Rather than being a homogoneous blob of good guys versus bad, the characters of Iron Monkey are imbued with distinct personalities and unique traits. Even the main villains, who are admittedly somewhat cartoonish, are easily distinguishable through their costume, make-up, and fighting styles. Action and choreography are probably the most important aspect of a film like this, and they’re incredibly strong in Iron Monkey. However, by also including enjoyable and distinct characters interacting with each other beyond just trading blows, the film makes it much more satisfying to travel from one action/kung fu set piece to the next. You don’t get bored waiting for a fight to break out. Instead, you enjoy the time spent in the company of some engaging, often silly, characters.
Action and Choreography
The fighting is where Iron Monkey shines brightest, though. The stuntwork, choreography and set pieces are all great. Especially the climactic final battle, perched precariously on wooden poles made even more dangerous by a raging fire below. This dangerous sequence took 20 days to film, and it’s pretty breath-taking.. Even just ordinary fights look great. Quick, dynamic, energetic, and full of skill and variety. The strength of the cast greatly contributes to the quality of its action. We’re not just seeing the same style and the same fight over and over, but differents styles, different disciplines, different weaponry.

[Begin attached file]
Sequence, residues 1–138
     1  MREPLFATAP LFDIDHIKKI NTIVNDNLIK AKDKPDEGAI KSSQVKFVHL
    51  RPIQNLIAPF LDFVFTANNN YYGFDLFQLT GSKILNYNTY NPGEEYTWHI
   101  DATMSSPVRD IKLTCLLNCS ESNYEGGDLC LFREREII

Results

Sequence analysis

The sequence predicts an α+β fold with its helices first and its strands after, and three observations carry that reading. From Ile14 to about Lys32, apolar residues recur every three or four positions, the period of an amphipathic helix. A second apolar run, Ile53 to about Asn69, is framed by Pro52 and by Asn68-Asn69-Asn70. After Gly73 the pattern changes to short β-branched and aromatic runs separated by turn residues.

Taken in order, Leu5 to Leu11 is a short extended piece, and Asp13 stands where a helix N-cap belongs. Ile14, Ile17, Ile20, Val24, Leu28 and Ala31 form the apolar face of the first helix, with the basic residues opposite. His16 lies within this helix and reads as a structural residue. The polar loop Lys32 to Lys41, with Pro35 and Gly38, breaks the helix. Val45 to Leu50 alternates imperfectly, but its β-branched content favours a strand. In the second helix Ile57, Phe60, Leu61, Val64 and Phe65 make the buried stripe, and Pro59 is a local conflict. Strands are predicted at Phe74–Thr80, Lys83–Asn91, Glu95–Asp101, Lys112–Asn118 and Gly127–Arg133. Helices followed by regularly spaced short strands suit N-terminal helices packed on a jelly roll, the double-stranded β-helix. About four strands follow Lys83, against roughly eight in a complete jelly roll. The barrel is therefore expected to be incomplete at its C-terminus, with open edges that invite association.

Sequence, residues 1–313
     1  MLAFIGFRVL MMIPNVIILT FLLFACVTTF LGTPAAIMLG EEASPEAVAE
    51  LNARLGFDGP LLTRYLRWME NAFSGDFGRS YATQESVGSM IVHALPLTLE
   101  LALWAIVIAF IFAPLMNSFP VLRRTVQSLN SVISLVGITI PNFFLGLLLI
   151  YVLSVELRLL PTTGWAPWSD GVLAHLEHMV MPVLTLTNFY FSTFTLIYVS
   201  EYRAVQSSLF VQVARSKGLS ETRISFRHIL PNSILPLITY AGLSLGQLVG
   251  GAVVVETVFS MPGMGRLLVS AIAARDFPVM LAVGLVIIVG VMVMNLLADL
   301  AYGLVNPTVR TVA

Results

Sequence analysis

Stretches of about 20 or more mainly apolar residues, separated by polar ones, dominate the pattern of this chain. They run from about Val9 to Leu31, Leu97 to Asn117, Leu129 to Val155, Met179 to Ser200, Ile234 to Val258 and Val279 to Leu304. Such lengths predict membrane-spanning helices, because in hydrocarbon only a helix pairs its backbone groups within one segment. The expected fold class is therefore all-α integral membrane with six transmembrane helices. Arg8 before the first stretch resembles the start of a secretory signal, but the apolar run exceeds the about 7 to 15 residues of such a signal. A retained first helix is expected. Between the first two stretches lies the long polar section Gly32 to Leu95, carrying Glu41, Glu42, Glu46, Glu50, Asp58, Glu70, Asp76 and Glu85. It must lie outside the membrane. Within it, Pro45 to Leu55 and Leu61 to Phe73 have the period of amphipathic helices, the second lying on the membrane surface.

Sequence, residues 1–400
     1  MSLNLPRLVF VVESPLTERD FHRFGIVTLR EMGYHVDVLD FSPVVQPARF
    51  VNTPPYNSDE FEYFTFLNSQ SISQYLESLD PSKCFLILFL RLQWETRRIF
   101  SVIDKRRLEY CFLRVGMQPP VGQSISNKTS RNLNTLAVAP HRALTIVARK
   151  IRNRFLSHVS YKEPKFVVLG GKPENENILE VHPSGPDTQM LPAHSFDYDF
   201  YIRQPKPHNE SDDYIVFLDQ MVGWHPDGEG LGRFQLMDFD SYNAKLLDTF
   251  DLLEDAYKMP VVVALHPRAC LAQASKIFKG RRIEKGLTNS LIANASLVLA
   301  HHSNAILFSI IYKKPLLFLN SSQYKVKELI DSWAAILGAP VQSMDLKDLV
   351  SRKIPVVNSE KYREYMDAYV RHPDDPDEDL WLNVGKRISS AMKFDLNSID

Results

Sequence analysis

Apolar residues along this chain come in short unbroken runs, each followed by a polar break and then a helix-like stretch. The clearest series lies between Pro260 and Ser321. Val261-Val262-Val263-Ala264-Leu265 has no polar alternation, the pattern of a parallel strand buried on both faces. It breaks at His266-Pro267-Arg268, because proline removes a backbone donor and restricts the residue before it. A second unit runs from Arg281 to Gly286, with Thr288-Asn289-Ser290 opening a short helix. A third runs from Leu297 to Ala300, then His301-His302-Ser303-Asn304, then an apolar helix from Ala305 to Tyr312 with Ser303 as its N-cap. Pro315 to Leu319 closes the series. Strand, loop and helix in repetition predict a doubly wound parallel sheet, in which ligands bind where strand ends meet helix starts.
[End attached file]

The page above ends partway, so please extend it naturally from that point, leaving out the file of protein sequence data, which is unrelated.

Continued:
There’s a real sense of fairytale weightlessness to the proceedings. Characters fly through the air, jumping from rooftop to rooftop effortlessly. Objects similarly follow abnormal laws of physics, flying in perfect arcs at the merest tap. In one scene, a character jumps over a table and gracefully kicks a ceramic bowl at their assailant. The way the bowl flies through the air, spinning like a top, is totally unrealistic but absolutely gorgeous. It’s not all floaty weightless though, the choreography can also have real heft when it needs to. It’s not something you can really subscribe though, it’s something you have to see.
Iron Monkey is one that any fan of action should watch. I watched the recently released Blu Ray of the film from Eureka Entertainment, which looks and sounds great. There’s a lot to this film, not just great action. I haven’t even touched on how interesting it is that a Hong Kong film from the 90s set in a bygone China is so interested in double identities and the corruption of government and tradition. If you think about that in conjunction with Hong Kong’s relationship with the mainland, it gets very meaty, very quickly. I would encourage anyone with even a passing interest in martial arts to get stuck right into Iron Monkey.